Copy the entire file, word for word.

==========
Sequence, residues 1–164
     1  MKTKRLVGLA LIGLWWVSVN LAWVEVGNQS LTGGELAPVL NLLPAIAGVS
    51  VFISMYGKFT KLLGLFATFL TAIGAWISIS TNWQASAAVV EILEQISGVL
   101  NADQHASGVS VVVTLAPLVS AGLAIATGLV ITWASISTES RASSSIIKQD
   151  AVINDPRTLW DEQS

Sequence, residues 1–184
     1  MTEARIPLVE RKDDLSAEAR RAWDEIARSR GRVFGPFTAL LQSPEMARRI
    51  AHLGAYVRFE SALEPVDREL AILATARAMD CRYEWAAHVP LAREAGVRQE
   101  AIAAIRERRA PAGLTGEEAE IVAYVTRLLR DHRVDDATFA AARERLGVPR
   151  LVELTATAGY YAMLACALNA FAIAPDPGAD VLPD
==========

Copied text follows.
Sequence, residues 1–164
     1  MKTKRLVGLA LIGLWWVSVN LAWVEVGNQS LTGGELAPVL NLLPAIAGVS
    51  VFISMYGKFT KLLGLFATFL TAIGAWISIS TNWQASAAVV EILEQISGVL
   101  NADQHASGVS VVVTLAPLVS AGLAIATGLV ITWASISTES RASSSIIKQD
   151  AVINDPRTLW DEQS

Sequence, residues 1–184
     1  MTEARIPLVE RKDDLSAEAR RAWDEIARSR GRVFGPFTAL LQSPEMARRI
    51  AHLGAYVRFE SALEPVDREL AILATARAMD CRYEWAAHVP LAREAGVRQE
   101  AIAAIRERRA PAGLTGEEAE IVAYVTRLLR DHRVDDATFA AARERLGVPR
   151  LVELTATAGY YAMLACALNA FAIAPDPGAD VLPD